I don’t know what to write. I feel a little dizzy from everything that’s happened and everything that’s happening.
I know it’s Christmas, but I feel a little like I’m floating.
There’s a lot of beauty and a lot of pain and a lot of time rushing by quickly, blurry. I’ve been moving endlessly, and the few moments of peace I want to savor and clasp onto like trinkets.
A week ago I got back from a five day trip from Georgia to Tennessee to North Carolina and back to Georgia. It was beautiful and sweet and fast and so Southern and foreign to me, Northern girl that I am. But spending time with Chris’s family was a hoot. When we went to Andy’s (Chris’s brother) MBA graduation at University of Tennessee, we also took a little sojourn to the classroom where Papa Joe and Mama Joan met. Where he asked her all those years ago if he could read along with her because he forgot her book, and she said, “Only if you’ll dance at my wedding.” To which he said, “Not only will I dance, I’ll be the groom.” They’ve been married for 51 years. We took a photo of them at the door of the classroom.
Other memories: Mama Joan, giddy on red wine (picture it with a fabulous Tennessee accent: “Gotta have some wiiiine”) and forgetting the rules to poker again and again. Papa Joe showing me his world map in the basement stairwell, with little flags for his sons, for me and my family, for Obama out in the Pacific Ocean (“out in left field”…Fox news, y’all), and for all the Ebola outbreaks. And crazy great live music wherever we went in Knoxville on Saturday night, including a band in Santa hats singing The Band, Bob Dylan, Springsteen (did they know I was coming??? and who were you? you were incredible).
Then it was back to California for two long hard days of house cleaning work and then my birthday on Wednesday. 28. I’ve hardly had a moment to reflect on it. Another time. But I know we had green juices and shepherd’s pie and a fruit tart and Birdman and it was wonderful and quiet.
Then Thursday I flew to Milwaukee and slept at my brother’s apartment where he and his roommate keep 90% of their clothes on their bedroom floors, and where, when you move a certain tupperware container on their kitchen counter, approximately 17 small flies swarm up. Bongs and Cheetos galore. Three flatscreen TVs with no explanation and two microwaves so they can nuke their food simultaneously. But, hey, it was walking distance to Beans and Barley, so how could I complain?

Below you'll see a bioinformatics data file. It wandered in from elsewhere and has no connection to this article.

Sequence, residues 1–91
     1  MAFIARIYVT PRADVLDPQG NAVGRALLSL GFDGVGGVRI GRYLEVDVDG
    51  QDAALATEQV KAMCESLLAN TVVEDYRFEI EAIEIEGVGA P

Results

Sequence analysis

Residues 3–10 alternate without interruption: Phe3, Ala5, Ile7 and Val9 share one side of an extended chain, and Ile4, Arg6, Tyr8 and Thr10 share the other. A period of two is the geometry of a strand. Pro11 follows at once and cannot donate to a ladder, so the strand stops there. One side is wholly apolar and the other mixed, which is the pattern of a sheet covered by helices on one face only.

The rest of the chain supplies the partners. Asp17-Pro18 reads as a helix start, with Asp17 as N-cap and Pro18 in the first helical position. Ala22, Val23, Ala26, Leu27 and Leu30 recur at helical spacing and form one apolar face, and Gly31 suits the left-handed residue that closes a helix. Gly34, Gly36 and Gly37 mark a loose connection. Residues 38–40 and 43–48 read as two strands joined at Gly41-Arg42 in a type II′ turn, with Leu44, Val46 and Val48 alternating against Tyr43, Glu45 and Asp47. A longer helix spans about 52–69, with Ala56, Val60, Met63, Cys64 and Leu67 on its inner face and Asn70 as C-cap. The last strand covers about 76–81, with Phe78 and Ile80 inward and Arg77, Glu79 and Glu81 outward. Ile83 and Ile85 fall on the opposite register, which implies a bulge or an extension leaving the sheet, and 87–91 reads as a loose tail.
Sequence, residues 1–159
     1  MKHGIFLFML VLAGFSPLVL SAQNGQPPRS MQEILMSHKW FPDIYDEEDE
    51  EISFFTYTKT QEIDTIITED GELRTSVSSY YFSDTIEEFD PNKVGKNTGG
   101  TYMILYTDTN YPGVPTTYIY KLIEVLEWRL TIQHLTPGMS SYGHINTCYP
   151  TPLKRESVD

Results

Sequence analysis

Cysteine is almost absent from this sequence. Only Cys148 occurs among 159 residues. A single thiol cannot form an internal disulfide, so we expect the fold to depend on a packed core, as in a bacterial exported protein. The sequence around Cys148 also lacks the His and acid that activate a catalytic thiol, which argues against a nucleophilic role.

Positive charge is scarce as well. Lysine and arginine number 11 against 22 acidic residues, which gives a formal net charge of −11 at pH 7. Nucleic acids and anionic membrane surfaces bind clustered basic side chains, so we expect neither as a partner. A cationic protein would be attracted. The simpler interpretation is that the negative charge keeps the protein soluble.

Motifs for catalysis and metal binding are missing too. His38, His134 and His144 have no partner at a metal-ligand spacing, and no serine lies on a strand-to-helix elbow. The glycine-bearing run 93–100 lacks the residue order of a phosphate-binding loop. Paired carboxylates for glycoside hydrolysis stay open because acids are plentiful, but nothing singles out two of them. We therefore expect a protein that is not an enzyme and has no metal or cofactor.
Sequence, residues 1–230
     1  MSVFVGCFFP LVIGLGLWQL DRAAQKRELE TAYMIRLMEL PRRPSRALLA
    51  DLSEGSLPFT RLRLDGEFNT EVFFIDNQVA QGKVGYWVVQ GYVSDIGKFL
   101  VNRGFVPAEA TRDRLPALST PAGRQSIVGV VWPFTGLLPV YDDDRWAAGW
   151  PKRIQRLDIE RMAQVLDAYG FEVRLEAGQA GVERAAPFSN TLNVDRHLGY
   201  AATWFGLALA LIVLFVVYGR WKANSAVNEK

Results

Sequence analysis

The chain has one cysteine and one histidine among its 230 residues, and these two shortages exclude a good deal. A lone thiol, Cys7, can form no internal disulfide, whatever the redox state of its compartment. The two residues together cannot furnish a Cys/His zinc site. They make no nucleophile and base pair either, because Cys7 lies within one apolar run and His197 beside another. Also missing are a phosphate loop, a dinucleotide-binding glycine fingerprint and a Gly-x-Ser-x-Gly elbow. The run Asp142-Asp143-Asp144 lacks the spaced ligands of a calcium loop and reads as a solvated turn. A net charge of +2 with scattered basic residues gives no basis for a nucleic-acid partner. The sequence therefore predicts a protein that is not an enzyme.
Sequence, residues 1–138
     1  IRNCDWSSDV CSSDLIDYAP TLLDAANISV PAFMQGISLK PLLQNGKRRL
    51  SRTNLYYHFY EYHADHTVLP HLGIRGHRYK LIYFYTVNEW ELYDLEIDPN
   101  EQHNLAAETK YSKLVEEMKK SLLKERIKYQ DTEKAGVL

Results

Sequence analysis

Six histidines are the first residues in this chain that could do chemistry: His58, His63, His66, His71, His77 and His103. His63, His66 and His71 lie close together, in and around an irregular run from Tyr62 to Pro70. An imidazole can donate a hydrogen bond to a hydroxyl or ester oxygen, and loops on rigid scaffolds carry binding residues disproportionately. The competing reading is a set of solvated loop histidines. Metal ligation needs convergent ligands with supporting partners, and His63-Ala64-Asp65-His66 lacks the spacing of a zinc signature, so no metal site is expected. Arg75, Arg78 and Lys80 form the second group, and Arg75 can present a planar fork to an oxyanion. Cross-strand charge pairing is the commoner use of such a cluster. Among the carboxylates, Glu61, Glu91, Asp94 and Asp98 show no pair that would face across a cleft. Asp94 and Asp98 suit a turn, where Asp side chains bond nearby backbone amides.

And now here I am at home in Neenah, wondering what I should say, or shouldn’t, about what’s going on. Everything is up in the air.
So here it is: My grandfather (my mom’s father) is in the last days of his life. He’s dying.
I said it. There.
We don’t know what’s going to happen any given day. He’s been up and down, active at times, and at other moments curled up like he could pass at any moment.
It’s been happening for months. Hospice has been there for a couple weeks.
We’re leaving tomorrow for Michigan to stay with him and my grandma indefinitely. My mom has been coming and going for weeks. When he passes, we’ll take my grandma home with us.
I don’t know. How many details really matter?
He matters. His life details matter. But now is not the time.
I can’t say anything well or accurate about it now. It feels too sensitive and too raw and unsolved.
It’s hard. I’m afraid of seeing him, but I also want to bring him kindness and peace by being near him. I want to play him Christmas songs on the piano.
It’s hard. My dad passed away almost six years ago now. I’ve been through this. But it’s different. My dad passed so quickly from cancer. He was 53. It was so different. My grandpa rises and falls. He is 86. Hospice doesn’t really know what to think of it. He might make it to Christmas or he may not make it through tonight.
Life is blurry. My mom and I meandered through the mall today, exhausted, picking up last minute gifts and food to bring my grandparents, my mom endlessly rattling off To Dos, her mind scattered and frantic.
I don’t know. The good moments are precious and sweet when they come, so you try to enjoy them. South Park and New Girl with my brother. Buying donut holes at Festival Foods with my mom and eating them in the car. Beautiful snowy Finn. Sitting in my family room right now with a fire going and a small Christmas tree glittering. Going out to celebrate our birthdays tonight as a family of four that used to be five. Always, those numbers in my head. Five to four.
Here we go. This entry was rambling. It’s what I have. A blurry mind, searching for joy in the corners.